Material Culture and the Extended Or Unextended Self in Our University Offices

Russell W. Belk, University of Utah
Joel C. Watson, University of Utah
[ to cite ]:
Russell W. Belk and Joel C. Watson (1998) ,"Material Culture and the Extended Or Unextended Self in Our University Offices", in NA - Advances in Consumer Research Volume 25, eds. Joseph W. Alba & J. Wesley Hutchinson, Provo, UT : Association for Consumer Research, Pages: 305-310.

Advances in Consumer Research Volume 25, 1998      Pages 305-310


Russell W. Belk, University of Utah

Joel C. Watson, University of Utah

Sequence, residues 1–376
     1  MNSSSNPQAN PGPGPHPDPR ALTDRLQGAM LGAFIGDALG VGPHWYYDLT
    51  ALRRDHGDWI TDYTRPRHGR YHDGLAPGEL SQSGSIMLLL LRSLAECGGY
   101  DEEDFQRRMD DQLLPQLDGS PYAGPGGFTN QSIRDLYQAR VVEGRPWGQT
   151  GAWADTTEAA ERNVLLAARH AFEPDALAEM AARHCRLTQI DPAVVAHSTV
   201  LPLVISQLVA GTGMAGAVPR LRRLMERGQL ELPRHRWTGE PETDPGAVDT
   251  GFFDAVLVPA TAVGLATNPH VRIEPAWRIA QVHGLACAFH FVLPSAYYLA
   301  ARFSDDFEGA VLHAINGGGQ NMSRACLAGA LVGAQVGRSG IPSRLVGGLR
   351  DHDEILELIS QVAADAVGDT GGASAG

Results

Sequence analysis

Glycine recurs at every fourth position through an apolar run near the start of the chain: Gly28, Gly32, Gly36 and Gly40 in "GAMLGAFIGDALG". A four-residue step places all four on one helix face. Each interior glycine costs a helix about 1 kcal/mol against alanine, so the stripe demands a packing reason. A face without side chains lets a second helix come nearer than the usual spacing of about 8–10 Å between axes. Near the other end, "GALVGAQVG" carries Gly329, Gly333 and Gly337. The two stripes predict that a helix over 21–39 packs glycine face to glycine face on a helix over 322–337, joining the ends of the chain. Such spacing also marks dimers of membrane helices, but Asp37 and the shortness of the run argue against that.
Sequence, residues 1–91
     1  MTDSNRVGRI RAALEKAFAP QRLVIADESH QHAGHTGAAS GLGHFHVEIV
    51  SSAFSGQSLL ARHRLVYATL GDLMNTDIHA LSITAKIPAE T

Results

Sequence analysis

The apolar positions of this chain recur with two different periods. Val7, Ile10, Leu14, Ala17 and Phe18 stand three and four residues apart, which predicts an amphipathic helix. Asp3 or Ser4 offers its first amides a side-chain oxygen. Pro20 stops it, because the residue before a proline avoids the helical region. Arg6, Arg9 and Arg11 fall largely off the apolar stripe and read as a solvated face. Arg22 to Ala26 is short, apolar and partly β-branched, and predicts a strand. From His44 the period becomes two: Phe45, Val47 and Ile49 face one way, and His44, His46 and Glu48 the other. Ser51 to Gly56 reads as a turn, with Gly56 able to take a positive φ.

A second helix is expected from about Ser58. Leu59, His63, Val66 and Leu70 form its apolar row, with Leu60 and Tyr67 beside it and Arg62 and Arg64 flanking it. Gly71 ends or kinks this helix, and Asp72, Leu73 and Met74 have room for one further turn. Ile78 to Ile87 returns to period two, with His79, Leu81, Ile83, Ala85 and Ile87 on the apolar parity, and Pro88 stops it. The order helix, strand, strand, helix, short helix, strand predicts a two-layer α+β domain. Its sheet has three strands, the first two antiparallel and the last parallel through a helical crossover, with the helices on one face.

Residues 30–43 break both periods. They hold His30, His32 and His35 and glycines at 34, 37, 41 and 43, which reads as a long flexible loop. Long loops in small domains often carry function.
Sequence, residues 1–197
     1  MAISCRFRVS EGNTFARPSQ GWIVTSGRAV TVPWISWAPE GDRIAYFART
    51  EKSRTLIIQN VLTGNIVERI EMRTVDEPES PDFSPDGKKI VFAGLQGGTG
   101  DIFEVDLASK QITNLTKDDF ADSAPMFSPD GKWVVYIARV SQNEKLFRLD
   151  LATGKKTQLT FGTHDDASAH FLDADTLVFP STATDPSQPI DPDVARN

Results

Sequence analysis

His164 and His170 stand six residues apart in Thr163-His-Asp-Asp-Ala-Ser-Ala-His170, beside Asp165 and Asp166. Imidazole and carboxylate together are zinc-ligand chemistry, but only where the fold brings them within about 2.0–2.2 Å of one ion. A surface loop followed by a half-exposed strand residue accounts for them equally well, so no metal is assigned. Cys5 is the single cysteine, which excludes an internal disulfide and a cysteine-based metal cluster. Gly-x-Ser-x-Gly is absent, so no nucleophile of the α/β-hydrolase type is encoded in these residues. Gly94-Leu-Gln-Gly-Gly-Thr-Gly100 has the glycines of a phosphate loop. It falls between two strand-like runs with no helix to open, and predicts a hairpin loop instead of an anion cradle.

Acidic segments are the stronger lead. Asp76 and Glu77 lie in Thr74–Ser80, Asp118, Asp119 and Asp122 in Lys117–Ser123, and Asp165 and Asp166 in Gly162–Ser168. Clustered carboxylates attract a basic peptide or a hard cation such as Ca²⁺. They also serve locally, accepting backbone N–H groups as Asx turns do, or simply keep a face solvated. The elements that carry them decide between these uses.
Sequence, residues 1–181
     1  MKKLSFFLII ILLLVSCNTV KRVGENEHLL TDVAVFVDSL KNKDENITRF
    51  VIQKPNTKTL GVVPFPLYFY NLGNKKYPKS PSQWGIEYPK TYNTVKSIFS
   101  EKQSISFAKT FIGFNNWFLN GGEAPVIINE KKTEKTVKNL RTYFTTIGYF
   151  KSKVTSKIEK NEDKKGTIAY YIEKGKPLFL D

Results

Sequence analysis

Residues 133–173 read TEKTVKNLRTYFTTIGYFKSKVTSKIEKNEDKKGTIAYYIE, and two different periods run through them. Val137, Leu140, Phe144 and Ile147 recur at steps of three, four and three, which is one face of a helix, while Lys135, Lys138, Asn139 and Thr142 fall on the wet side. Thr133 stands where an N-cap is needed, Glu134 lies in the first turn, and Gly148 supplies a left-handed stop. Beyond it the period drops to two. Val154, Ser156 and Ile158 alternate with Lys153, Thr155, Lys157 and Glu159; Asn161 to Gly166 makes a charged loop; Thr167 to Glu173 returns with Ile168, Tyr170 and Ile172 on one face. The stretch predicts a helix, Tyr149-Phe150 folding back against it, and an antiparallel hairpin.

Although there are studies of the meanings of the possessions we keep in our homes (e.g., Wallendorf and Arnould 1988; Mehta and Belk 1991), as well as theoretical treatments of how possessions come to act as parts of our extended self (Belk 1988), studies of our extended selves in the workplace are lacking. In one interpretation (Hochschild 1997), as home and family become more fragmented and insecure, we increasingly seek and find at work the pleasures, security, recognition, and selves that we once enjoyed at home. Despite the opportunity to share jobs, work part time, or telecommute from home, as corporations have moved from scientific management to TQM, the workplace has become more home-like and many of us view it as an escape to a home away from home. Thus, a chief reason workers give for personalizing their work places by altering material culture, is that "It makes me feel at home" (Scheiberg 1990, p.334). As Jones (1985) points out, the way we personalize our personal work space with objects can express who we feel we are, who we wish we were, or how we would like others to think of us. In an individualistic culture like that of much of the United States, the corporate move toward partitioned office cubicles may be seen as threatening such personalizing opportunities (Lohr 1997).